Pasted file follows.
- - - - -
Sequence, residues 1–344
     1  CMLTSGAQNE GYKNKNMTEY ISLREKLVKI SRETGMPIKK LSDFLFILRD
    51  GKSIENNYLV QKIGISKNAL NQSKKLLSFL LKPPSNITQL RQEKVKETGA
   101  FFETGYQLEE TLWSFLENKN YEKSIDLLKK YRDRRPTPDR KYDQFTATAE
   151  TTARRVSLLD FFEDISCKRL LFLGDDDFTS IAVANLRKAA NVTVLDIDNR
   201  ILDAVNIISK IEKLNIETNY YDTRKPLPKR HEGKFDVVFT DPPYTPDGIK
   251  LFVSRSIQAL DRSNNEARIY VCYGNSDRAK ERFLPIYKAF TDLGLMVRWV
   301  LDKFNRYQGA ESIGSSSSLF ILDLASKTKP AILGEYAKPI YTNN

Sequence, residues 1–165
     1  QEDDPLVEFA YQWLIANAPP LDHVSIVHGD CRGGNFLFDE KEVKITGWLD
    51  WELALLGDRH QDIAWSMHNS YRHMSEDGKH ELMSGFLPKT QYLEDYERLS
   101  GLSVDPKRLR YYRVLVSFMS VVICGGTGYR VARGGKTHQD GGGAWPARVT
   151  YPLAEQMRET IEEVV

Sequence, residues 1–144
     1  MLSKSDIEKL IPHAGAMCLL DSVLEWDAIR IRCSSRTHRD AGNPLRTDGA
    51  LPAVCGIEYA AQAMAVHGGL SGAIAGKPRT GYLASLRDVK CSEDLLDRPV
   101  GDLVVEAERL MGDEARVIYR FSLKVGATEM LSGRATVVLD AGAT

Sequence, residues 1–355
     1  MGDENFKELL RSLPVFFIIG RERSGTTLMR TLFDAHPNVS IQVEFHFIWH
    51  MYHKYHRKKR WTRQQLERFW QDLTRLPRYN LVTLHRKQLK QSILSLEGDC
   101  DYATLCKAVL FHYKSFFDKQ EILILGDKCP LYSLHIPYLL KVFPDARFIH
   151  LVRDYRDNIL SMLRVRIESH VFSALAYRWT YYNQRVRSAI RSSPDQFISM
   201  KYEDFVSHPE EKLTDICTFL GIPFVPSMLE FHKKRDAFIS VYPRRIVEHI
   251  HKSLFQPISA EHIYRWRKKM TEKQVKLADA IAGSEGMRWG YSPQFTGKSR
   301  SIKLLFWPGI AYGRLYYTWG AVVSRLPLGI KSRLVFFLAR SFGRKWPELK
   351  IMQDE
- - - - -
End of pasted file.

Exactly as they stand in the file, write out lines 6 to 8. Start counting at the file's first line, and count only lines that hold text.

   201  ILDAVNIISK IEKLNIETNY YDTRKPLPKR HEGKFDVVFT DPPYTPDGIK
   251  LFVSRSIQAL DRSNNEARIY VCYGNSDRAK ERFLPIYKAF TDLGLMVRWV
   301  LDKFNRYQGA ESIGSSSSLF ILDLASKTKP AILGEYAKPI YTNN